The next thing I need to do as figure out how I can encourage a clucky hen to hatch her eggs, because I don't know if I'll have another escaped hen who volunteers and sit on eggs. This time I was just lucky that it all worked out like that, but next spring I'd like to set up a clucky hen with plenty of fertilised eggs and help her to hatch them. (Usually we put a lot of effort into discouraging clucky hens!).
At this stage I'm not totally sure what I'll do, but I'd like to move a clucky hen with about 10 eggs into the small chicken tractor, so that they are safe as soon as they hatch. I'm hoping that a determined clucky hen will keep sitting on her eggs and not be disturbed by being moved. From there it should be easy again!
Pros and cons of using a mama hen vs an incubator
Now that I have tried hatching chicks both with the electronic incubator and with a mama hen, the pros and cons are very strongly in favour of the mama hen.
When we use the electric incubator I do get more chicks hatched, because we were usually fill it up (we have a 48 egg incubator) - it works better if it's full because it maintains temperature better. We will often hatch around 25-30 chicks, and I usually don't want 30 baby chicks at once - that's a lot of work!
It's actually nice just to have just the six new hens to add to the flock. That's a good number each year, so I'm very happy with what mama hen has done here.
And as I've said a few times now, the mama hen has been a lot less work for me because she's taking care of the chicks, keeping them warm, fed and watered. I only kept them in the brooder box for a few days because it was raining, so I only had to clean out the brooder box once, instead of every few days for weeks.
It was great to get the chicks out into the chicken tractor when they were very young, as they were eating grass and bugs. Mama hen was was with them, so they got used to the chicken tractor right away. What often happens when we put the chicks out in the chicken tractor on the first night, they're so used to living in the brooder box they are scared of all the open space and they don't know where to sleep. On several occasions, I have had to climb in there and make sure they are under the heat lamp!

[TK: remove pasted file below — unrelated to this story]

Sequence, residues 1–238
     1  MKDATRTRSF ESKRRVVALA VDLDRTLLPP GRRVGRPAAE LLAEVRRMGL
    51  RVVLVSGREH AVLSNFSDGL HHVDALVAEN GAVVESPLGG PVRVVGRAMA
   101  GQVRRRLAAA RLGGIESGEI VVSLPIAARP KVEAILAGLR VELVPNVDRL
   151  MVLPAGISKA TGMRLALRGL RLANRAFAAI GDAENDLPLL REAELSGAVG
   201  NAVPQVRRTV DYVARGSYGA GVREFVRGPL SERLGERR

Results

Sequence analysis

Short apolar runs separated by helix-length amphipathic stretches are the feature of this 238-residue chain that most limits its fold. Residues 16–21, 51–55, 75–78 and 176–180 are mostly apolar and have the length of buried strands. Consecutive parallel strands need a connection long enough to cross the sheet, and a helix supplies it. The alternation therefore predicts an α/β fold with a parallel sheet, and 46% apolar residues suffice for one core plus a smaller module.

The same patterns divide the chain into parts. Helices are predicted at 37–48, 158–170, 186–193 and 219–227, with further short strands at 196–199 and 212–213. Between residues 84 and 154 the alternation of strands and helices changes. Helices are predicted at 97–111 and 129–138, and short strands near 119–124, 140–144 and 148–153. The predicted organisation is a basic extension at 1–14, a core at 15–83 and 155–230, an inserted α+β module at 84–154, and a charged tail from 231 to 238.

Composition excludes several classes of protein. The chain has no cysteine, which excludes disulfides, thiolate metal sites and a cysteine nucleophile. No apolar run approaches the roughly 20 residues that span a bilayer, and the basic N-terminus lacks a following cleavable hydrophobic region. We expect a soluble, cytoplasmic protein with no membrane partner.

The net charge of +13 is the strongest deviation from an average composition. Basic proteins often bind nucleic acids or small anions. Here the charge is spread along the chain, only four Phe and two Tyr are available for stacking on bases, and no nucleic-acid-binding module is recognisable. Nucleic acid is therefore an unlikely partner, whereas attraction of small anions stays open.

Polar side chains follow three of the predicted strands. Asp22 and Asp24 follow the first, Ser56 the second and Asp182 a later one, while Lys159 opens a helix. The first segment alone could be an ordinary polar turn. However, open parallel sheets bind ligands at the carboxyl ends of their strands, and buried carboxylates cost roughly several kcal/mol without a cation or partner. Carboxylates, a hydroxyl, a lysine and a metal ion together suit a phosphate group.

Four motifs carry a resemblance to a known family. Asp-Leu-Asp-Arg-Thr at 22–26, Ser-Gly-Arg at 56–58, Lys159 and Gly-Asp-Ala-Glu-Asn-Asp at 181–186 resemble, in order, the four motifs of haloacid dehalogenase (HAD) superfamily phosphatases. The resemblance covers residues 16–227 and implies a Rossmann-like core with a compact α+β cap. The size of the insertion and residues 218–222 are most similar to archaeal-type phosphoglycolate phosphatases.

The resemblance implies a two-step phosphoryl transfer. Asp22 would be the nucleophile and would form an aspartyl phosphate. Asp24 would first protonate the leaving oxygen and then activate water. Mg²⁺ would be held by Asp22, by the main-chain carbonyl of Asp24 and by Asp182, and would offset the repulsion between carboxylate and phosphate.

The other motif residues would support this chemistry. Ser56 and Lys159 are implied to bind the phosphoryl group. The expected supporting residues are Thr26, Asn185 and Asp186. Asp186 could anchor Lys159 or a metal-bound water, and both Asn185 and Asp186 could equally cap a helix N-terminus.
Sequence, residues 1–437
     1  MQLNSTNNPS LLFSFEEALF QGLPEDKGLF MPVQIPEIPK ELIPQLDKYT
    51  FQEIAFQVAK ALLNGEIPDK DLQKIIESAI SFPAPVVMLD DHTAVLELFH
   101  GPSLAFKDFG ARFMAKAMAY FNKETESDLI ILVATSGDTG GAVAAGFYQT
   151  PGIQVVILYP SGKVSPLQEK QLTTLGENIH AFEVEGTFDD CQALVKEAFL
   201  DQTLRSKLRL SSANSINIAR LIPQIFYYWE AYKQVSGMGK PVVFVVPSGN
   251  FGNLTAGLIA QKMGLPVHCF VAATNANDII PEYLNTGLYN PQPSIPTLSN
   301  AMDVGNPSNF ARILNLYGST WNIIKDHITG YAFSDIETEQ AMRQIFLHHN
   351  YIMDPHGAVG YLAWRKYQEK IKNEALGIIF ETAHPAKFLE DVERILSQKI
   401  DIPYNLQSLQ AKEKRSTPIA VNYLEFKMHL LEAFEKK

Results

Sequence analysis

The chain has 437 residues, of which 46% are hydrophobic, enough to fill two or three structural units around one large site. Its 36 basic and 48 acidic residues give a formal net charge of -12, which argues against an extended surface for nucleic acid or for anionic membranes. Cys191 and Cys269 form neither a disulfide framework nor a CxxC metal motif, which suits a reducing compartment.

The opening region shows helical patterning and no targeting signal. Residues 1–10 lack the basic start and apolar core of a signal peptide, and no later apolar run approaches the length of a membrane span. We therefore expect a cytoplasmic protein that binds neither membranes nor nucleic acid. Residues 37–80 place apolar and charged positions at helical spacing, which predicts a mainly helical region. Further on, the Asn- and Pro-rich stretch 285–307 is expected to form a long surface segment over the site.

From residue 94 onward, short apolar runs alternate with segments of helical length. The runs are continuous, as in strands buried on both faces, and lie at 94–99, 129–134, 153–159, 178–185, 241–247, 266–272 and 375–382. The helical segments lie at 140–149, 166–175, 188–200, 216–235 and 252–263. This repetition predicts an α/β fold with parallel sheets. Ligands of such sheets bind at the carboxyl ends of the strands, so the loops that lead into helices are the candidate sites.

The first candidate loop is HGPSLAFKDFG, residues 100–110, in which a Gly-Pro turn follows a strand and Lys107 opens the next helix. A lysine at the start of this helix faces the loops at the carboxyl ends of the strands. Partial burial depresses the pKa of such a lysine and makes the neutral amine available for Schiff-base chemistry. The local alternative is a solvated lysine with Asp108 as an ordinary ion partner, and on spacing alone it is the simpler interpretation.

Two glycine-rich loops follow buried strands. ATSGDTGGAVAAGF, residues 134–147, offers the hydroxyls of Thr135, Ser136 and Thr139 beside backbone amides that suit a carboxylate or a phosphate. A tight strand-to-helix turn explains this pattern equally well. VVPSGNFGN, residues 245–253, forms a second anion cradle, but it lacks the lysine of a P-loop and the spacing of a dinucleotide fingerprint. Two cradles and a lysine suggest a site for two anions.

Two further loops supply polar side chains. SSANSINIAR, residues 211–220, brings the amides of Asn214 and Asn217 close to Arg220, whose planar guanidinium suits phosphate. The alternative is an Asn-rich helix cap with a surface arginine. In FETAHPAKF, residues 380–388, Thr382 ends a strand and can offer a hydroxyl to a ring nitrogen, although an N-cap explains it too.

At this stage, I really can't see any reason not to use a mama hen, as we usually have several competing for nesting box space each spring. Next spring when I start to see clucky hens, I will be putting them to work!
The incubator is a good backup option if we don't have any clucky hens, or if for some reason we really want to hatch large numbers of chicks at one time.
Otherwise it's in line with permaculture principles - if you can let nature do the work for you, why I do it yourself? I'm really pleased that we found this mama hen and I got to experience this, because definitely what I'll do again.
Have you used a mama hen to hatch chicks? Any tips?
If you want to know more about our chicken tractors, you can check out my eBook about chicken tractors using the link below. Find more posts about chickens here.